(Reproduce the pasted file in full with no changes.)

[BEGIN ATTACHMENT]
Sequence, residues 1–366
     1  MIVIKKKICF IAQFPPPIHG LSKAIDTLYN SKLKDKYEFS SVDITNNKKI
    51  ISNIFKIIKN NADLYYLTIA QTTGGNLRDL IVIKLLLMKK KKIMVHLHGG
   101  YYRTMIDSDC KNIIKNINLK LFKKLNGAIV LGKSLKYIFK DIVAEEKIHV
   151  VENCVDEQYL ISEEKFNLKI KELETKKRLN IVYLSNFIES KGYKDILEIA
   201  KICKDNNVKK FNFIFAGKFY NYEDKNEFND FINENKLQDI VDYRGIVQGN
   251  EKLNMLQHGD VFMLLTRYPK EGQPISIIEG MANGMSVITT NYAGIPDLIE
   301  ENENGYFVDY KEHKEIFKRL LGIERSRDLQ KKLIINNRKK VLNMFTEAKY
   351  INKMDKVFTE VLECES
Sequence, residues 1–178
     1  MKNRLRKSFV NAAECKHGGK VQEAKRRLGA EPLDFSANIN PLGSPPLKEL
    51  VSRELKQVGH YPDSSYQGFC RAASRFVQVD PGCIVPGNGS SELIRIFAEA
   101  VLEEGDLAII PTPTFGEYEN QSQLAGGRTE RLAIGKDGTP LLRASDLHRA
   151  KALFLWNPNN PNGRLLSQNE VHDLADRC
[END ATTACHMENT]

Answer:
Sequence, residues 1–366
     1  MIVIKKKICF IAQFPPPIHG LSKAIDTLYN SKLKDKYEFS SVDITNNKKI
    51  ISNIFKIIKN NADLYYLTIA QTTGGNLRDL IVIKLLLMKK KKIMVHLHGG
   101  YYRTMIDSDC KNIIKNINLK LFKKLNGAIV LGKSLKYIFK DIVAEEKIHV
   151  VENCVDEQYL ISEEKFNLKI KELETKKRLN IVYLSNFIES KGYKDILEIA
   201  KICKDNNVKK FNFIFAGKFY NYEDKNEFND FINENKLQDI VDYRGIVQGN
   251  EKLNMLQHGD VFMLLTRYPK EGQPISIIEG MANGMSVITT NYAGIPDLIE
   301  ENENGYFVDY KEHKEIFKRL LGIERSRDLQ KKLIINNRKK VLNMFTEAKY
   351  INKMDKVFTE VLECES
Sequence, residues 1–178
     1  MKNRLRKSFV NAAECKHGGK VQEAKRRLGA EPLDFSANIN PLGSPPLKEL
    51  VSRELKQVGH YPDSSYQGFC RAASRFVQVD PGCIVPGNGS SELIRIFAEA
   101  VLEEGDLAII PTPTFGEYEN QSQLAGGRTE RLAIGKDGTP LLRASDLHRA
   151  KALFLWNPNN PNGRLLSQNE VHDLADRC